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The Hill’s Morning Report – Presented by Emergent BioSolutions – Biden sales pitch heads to Virginia and Louisiana

                    Presented by Emergent BioSolutions

The White House



Welcome to The Hill’s Morning Report. Today is Monday. Hello May! And happy Asian American and Pacific Islander Heritage Month! We get you up to speed on the most important developments in politics and policy, plus trends to watch. Alexis Simendinger and Al Weaver are the co-creators. Readers can find us on Twitter @asimendinger and @alweaver22. Please recommend the Morning Report to friends and let us know what you think. CLICK HERE to subscribe!

Total U.S. coronavirus deaths this morning: 577,045.


As of this morning, 44.3 percent of the U.S. population has received at least one dose of a COVID-19 vaccine and 31.6 percent are fully vaccinated, according to the Bloomberg News global vaccine tracker.

President Biden and his team are playing a long legislative game, albeit with a short time frame.


As weekend television talk shows revealed, the president’s efforts are at the starting point to secure another $4 trillion in spending for infrastructure and expanded government benefits, plus tax hikes, in perhaps two or more mammoth measures by the fall.


Front and center for the West Wing: selling details to the American people in key states, using television, radio and podcast interviews, ad campaigns, appearances by officials, and special outreach briefings organized for sub-sub-constituencies who back Democratic policies.


The president today will be in Yorktown, Va., talking about how his infrastructure and jobs plan would help schools. Later this week, he’ll be in New Orleans, a city that supported his presidential bid, but in a state, Louisiana, that voted 58 percent for former President Trump.


The Hill: Louisiana Sen. Bill Cassidy (R), a conservative who leads a Senate group’s efforts to reach a compromise with Democrats on infrastructure, told “Fox News Sunday” that lawmakers in each party remain at odds over billions of dollars in spending for various projects.


White House officials played defense on Sunday, advocating for Biden’s plans in the face of GOP opposition, while also suggesting that the president is pleased with behind-the-scenes “progress” he perceives in discussions with some senators. Biden and his advisers will continue to talk with those senators who are seeking a compromise, including Sen. Shelley Moore Capito (R-W.Va.), according to the White House. Capito has said she is upbeat about conversations so far and Biden says he hopes to meet with her (CNN and The Wall Street Journal). 


Upshot: Biden allies say they’re seeking bipartisanship by a Memorial Day deadline, but the president has made no specific public commitments about accepting GOP recommendations.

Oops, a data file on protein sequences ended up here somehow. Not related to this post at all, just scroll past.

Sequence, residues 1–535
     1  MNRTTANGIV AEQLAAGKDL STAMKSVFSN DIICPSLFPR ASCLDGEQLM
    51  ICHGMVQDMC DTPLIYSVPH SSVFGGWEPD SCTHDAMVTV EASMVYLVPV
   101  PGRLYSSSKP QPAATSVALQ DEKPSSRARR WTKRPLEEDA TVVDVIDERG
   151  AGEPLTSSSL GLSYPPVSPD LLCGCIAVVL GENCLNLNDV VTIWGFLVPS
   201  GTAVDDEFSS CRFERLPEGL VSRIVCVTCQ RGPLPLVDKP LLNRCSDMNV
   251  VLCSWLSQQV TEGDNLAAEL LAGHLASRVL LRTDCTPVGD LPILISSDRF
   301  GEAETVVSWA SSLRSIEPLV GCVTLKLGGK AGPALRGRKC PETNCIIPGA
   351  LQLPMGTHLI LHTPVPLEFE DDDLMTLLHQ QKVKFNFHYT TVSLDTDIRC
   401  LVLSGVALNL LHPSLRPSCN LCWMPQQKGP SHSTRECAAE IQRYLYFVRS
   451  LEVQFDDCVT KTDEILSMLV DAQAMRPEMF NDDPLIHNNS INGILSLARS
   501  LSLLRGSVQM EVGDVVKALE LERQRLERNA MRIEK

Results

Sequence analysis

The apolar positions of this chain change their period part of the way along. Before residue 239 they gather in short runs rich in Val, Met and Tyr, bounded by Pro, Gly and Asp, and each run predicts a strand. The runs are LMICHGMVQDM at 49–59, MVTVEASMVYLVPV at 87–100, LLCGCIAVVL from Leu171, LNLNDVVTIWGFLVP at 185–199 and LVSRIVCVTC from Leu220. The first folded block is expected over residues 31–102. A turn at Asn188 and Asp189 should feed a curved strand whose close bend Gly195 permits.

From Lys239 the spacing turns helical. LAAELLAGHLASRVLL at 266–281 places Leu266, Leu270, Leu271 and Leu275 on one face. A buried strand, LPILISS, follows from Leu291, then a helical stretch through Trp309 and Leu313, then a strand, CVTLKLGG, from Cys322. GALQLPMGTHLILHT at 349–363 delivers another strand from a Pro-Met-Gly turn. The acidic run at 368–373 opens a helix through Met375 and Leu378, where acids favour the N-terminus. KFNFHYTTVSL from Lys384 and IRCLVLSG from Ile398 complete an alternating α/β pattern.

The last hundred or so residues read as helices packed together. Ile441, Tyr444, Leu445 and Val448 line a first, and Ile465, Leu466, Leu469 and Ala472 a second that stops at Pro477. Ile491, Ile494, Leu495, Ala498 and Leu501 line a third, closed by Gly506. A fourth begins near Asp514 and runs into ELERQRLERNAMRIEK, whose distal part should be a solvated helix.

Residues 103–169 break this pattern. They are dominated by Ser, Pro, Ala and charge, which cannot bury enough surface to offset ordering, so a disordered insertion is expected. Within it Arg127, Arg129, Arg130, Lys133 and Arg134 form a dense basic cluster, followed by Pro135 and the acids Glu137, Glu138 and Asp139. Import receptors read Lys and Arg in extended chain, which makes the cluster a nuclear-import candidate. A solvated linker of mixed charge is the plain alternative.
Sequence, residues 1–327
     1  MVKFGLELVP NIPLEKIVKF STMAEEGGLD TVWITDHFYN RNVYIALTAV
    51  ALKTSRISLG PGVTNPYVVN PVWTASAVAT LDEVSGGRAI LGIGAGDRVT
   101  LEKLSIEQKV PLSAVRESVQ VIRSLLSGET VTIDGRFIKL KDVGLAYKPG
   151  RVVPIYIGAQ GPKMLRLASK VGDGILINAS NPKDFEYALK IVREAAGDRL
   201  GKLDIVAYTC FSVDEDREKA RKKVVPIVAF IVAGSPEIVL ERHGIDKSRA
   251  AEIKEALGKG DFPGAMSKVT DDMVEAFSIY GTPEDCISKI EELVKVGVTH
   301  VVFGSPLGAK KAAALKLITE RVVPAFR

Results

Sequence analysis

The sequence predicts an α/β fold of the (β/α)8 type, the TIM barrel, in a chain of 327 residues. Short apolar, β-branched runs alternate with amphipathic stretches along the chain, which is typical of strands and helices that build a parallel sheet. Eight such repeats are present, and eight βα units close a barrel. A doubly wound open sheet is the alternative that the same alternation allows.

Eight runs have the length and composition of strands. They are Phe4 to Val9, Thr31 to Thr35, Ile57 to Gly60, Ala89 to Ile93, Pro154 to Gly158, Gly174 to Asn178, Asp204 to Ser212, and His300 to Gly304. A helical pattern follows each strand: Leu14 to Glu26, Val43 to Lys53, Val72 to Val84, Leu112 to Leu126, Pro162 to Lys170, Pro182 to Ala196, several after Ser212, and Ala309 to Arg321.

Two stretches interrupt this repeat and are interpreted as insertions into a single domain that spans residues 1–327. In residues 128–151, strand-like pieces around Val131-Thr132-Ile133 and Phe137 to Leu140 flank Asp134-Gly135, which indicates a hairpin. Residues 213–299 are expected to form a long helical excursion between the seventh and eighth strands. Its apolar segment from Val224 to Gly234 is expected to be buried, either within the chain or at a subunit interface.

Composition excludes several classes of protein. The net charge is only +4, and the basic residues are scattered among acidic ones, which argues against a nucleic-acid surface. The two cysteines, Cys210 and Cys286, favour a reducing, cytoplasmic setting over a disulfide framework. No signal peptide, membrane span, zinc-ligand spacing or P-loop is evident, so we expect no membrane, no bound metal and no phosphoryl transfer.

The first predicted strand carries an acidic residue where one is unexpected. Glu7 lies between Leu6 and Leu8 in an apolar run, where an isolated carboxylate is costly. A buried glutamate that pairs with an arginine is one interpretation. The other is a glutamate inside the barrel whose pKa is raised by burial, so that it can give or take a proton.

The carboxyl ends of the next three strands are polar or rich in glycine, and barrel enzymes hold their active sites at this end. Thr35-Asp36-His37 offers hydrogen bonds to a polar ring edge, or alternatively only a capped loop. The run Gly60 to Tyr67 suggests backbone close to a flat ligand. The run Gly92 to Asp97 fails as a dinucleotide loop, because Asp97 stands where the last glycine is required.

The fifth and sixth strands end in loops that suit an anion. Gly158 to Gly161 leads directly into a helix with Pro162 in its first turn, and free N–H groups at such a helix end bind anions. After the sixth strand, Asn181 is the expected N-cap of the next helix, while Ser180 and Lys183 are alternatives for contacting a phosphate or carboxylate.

The Senate is not in Washington this week. Biden plans to sit down at the White House on May 12 with the Democratic and Republican leaders from the House and Senate.


The Hill: Bipartisanship? Biden wants it “if that is possible,” said White House messaging senior adviser Anita Dunn.


Biden’s aides and surrogates sidestepped questions on Sunday about legislative timetables, any decisions about how reconciliation will be used, how many bills Congress will ultimately consider for Biden’s American Jobs Plan and for the $1.8 trillion American Families Plan, and how the White House envisions offsetting proposed tax hikes when powerful corporate and investor stakeholders say they will work to scuttle the plans Biden has unveiled.  


Sen. Susan Collins (R-Maine), a centrist who favors a stripped-down, compromise infrastructure measure that would cost less than a third of what Biden’s is seeking with his $2.3 trillion proposal, said on Sunday that the president could get some GOP support if he reached for the scissors.   


“Well, at this point, I think now that the Republicans have put forth a reasonable offer, it’s up to the president to do a counteroffer to us,” Collins said, pointing to a $4 trillion investment sought by the president (The Hill).


“That’s the amount that we spent to win World War II,” Collins continued on CNN’s “State of the Union.”


“So this is an enormous package when you take both the traditional core infrastructure parts and the huge expansion of social programs that the president is advocating.”

The Hill: GOP lawmakers hammer Biden on infrastructure while the administration defends its spending plan.


The Hill: Sunday shows – Biden economic agenda dominates.


More in Congress: Rep. Charlie Crist (D-Fla.) will announce on Tuesday morning that he’s running for governor for a third time in a crowded field, according to multiple news outlets (Florida The former governor, once a Republican, lost a Senate race in 2010 to Sen. Marco Rubio (R-Fla.) after dropping out of the GOP primary to run as an independent. … Can Rep. Liz Cheney (R-Wyo.) keep her position as House Republican Conference chair, or perhaps even her House seat, while battling Trump ahead of midterm contests that mean everything to her GOP colleagues? (The Hill). … “This is not a done deal,” says one House Democrat while advocating a narrow legislative pathway that could be bipartisan to lower prescription drug costs amid heavy opposition by the powerful pharmaceutical industry (The Associated Press). … Tax filing day is May 17. The Hill’s Naomi Jagoda lends a hand with five things you need to know about the coronavirus relief laws and how they impact tax liabilities. … The House will not return to pre-pandemic operations until more lawmakers have been fully vaccinated, according to Speaker Nancy Pelosi (D-Calif.) (The Hill).